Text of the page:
The region of the area we just calculated is depicted in Figure 1.28. Note that the region between the curve and the x-axis is all below the x-axis. Area is always positive, but a definite integral can still produce a negative number (a net signed area). For example, if this were a profit function, a negative number indicates the company is operating at a loss over the given interval.

The graph of the parabola f(t) = t^2 – 4 over [-4, 4]. The area above the curve and below the x axis over [-2, 2] is shaded.
Figure 1.28 The evaluation of a definite integral can produce a negative value, even though area is always positive.

Example 1.21

Evaluating a Definite Integral Using the Fundamental Theorem of Calculus, Part 2

Evaluate the following integral using the Fundamental Theorem of Calculus, Part 2:

19x1xdx.19x1xdx.

Solution

First, eliminate the radical by rewriting the integral using rational exponents. Then, separate the numerator terms by writing each one over the denominator:

19x1x1/2dx=19(xx1/21x1/2)dx.19x1x1/2dx=19(xx1/21x1/2)dx.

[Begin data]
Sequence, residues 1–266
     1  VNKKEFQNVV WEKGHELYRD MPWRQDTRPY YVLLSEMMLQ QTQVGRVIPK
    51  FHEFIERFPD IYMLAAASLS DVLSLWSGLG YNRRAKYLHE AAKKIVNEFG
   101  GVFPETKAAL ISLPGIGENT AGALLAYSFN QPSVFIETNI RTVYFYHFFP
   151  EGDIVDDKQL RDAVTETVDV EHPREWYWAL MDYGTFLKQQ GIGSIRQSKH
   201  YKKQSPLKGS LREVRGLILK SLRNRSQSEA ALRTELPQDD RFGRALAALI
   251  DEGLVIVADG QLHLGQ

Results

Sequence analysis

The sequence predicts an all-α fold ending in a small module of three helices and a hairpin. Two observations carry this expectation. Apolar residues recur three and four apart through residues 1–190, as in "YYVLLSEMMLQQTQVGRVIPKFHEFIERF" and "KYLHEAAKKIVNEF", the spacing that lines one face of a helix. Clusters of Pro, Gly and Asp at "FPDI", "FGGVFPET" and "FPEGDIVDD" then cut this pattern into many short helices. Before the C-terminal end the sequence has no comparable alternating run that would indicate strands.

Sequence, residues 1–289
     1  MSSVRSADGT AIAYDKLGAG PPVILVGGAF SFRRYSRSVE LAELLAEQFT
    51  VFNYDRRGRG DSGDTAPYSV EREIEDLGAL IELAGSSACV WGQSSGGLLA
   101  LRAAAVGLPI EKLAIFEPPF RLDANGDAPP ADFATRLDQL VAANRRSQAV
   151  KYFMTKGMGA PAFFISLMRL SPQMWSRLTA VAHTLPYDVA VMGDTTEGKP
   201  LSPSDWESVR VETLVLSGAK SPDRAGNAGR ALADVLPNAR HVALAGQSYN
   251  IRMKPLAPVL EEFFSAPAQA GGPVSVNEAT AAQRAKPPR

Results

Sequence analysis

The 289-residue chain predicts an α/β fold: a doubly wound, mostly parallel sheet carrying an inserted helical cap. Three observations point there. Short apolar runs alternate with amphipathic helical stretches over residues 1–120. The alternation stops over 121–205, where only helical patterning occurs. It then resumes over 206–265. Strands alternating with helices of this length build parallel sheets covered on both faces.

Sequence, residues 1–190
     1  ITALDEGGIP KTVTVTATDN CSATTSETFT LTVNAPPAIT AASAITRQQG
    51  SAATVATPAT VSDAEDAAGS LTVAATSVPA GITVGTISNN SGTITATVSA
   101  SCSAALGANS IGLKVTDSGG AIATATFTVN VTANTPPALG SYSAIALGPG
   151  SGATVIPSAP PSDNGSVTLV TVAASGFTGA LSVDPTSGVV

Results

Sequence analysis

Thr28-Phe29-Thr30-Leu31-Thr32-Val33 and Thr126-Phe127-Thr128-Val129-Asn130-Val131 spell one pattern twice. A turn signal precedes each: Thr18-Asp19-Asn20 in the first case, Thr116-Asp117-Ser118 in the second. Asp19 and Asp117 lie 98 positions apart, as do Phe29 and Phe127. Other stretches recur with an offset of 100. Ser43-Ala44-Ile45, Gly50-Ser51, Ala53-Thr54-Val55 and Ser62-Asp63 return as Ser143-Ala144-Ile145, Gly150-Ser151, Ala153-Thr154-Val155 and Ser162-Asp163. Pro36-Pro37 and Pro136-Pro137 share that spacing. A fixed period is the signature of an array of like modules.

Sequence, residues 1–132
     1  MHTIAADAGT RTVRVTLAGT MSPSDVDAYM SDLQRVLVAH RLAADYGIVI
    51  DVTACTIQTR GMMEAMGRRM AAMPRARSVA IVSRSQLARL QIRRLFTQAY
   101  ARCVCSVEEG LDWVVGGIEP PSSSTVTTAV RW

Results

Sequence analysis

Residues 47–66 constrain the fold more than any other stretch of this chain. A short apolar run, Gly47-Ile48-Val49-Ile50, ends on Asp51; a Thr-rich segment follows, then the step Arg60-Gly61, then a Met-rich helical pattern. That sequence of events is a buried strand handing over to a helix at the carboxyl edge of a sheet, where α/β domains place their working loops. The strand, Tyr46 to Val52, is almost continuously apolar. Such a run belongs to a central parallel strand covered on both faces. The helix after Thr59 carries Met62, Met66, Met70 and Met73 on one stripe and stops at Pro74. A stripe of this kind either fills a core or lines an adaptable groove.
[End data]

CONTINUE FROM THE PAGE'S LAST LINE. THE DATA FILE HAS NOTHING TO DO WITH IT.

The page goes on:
Use the properties of exponents to simplify:

19(xx1/21x1/2)dx=19(x1/2x−1/2)dx.19(xx1/21x1/2)dx=19(x1/2x−1/2)dx.

Now, integrate using the power rule:

19(x1/2x1/2)dx=(x3/232x1/212)|19=[(9)3/232(9)1/212][(1)3/232(1)1/212]=[23(27)2(3)][23(1)2(1)]=18623+2=403.19(x1/2x1/2)dx=(x3/232x1/212)|19=[(9)3/232(9)1/212][(1)3/232(1)1/212]=[23(27)2(3)][23(1)2(1)]=18623+2=403.

See Figure 1.29.

The graph of the function f(x) = (x-1) / sqrt(x) over [0,9]. The area under the graph over [1,9] is shaded.
Figure 1.29 The area under the curve from x=1x=1 to x=9x=9 can be calculated by evaluating a definite integral.

Checkpoint 1.19

Use The Fundamental Theorem of Calculus, Part 2 to evaluate 12x−4dx.12x−4dx.

Example 1.22

A Roller-Skating Race

James and Kathy are racing on roller skates. They race along a long, straight track, and whoever has gone the farthest after 5 sec wins a prize. If James can skate at a velocity of f(t)=5+2tf(t)=5+2t ft/sec and Kathy can skate at a velocity of g(t)=10+cos(π2t)g(t)=10+cos(π2t) ft/sec, who is going to win the race?

Solution

We need to integrate both functions over the interval [0,5][0,5] and see which value is bigger. For James, we want to calculate

05(5+2t)dt.05(5+2t)dt.

Using the power rule, we have

05(5+2t)dt=(5t+t2)|05=(25+25)=50.05(5+2t)dt=(5t+t2)|05=(25+25)=50.